MUMBAI: Global IT research and advisory firm Gartner Inc said Internet Protocol television (IPTV) will face a raft of problems that will hold it back for at least five years, foremost being the low base of broadband connections to households in India.
Despite being a more advanced technology capable of additional functionality, IPTV is not well placed in
Gartner senior research analyst Neha Gupta said, “The primary reason for minimal IPTV uptake is the low broadband penetration in
The Indian government has set aggressive targets for increasing broadband coverage, but even with strong growth, the penetration will stay low for the next five years. In 2006, the size of the consumer broadband market in
Moreover, 2007 is emerging as a critical year for
Secondly, under the pricing regulations imposed on the pay-TV industry, IPTV will effectively be priced at the same level as digital cable and DTH, resulting in ARPUs in the range of Rs 300 – 500, as opposed to analog cable users paying Rs 150 – 300. IPTV therefore will not be able to differentiate itself from digital cable or DTH players in terms of price.
Indian carriers are unconvinced that IPTV offers them much revenue opportunity and, as a result, the leading state-owned carriers have adopted a new style of model that brings in third-party capital and ideas to run the IPTV operations under a franchise style model. While it is the carriers who hold the IPTV license rights and the broadband access infrastructure, the third-party investors buy the equipment, source content and run the IPTV operations in a particular city on behalf of the carrier. In return they get a major share of the revenue.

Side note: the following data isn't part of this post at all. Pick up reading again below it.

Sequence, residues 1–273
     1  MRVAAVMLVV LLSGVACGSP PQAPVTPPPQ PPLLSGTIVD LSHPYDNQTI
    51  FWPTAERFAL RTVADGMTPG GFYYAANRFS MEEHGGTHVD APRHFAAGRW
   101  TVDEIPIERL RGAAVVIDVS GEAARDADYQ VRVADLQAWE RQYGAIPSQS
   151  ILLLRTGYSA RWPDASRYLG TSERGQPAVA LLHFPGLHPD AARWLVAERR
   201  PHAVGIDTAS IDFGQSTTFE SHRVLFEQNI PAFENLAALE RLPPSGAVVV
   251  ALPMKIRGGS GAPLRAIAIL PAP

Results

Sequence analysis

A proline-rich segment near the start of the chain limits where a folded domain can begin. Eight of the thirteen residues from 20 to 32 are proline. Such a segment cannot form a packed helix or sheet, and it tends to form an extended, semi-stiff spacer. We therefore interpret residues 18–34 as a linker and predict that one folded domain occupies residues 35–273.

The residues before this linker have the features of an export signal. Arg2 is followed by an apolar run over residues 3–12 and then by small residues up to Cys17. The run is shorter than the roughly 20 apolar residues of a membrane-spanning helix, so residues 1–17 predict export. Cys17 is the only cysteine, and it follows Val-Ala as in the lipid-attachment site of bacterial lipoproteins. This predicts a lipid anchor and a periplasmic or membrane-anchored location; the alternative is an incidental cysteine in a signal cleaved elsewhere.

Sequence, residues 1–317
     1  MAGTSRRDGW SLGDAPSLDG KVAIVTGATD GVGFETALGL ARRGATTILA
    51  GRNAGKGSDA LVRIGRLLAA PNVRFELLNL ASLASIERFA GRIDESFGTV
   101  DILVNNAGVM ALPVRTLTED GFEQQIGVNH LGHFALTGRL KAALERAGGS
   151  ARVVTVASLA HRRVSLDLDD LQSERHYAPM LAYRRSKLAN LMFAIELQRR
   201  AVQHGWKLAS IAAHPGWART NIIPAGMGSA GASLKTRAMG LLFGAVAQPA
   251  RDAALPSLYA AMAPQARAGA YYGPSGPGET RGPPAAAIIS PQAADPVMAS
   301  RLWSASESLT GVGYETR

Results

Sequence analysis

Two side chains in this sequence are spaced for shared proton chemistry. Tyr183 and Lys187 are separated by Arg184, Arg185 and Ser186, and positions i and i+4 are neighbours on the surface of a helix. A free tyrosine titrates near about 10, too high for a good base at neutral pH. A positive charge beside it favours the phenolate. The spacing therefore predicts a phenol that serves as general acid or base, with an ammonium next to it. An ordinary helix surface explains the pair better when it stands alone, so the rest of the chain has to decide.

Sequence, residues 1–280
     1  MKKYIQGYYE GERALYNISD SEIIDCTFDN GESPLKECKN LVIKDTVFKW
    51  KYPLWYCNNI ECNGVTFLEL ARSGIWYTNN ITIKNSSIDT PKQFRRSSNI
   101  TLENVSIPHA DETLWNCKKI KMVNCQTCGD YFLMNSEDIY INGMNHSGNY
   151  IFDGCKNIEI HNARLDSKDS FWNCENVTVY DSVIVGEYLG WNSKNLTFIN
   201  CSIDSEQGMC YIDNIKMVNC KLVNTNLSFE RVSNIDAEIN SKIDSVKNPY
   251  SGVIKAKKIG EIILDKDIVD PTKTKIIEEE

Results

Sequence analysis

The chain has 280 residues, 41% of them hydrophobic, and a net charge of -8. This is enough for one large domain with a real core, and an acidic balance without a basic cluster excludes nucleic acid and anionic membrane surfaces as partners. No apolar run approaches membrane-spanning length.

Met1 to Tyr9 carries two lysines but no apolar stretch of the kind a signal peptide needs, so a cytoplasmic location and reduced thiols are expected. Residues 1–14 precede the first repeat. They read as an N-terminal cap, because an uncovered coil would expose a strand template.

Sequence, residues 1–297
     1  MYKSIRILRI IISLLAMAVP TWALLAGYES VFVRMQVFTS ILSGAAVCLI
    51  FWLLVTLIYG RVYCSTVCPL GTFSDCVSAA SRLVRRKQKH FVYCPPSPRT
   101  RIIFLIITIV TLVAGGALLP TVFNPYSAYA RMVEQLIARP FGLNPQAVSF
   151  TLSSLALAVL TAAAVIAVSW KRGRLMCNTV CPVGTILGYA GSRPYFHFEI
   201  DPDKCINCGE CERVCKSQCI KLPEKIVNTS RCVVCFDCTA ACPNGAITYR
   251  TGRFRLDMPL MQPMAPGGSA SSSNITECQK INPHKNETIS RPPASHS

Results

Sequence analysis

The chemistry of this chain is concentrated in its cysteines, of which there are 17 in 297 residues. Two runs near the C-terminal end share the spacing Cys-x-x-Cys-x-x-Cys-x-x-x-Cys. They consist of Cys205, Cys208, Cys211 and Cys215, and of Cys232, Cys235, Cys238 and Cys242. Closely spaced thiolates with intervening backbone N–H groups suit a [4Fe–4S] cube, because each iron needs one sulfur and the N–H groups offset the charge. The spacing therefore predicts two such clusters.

The franchise style model being adopted by the leading state-owned carriers is positive for the IPTV industry and brings new private sector ideas, rigour and capital into the business. According to Gartner, this model will help speed up the deployment of IPTV in the early years compared with what the carriers might achieve on their own. For the carriers involved, this model gives them a good way to offer triple-play and value-add to their broadband offerings without spending heavily on new equipment and expertise. Though innovative, this is an untried and still risky model; much will ride on the way in which the agreements are structured between carrier and franchisee.
Gupta recommends, “Carriers should consider moving into DTH satellite to help secure customers who can later be converted to IPTV or offered interactive services through a hybrid DTH-IP broadband STB. Alternatively, carriers could partner with DTH operators to offer customers a hybrid STB capable of accessing DTH for channels and using broadband for video on demand (VOD) interactivity. The hybrid model offers an inexpensive route to triple play, while providing extra revenue through cross-selling pay-TV to broadband and voice customers. Such partnerships have collectively added around 1.5 million subscribers in the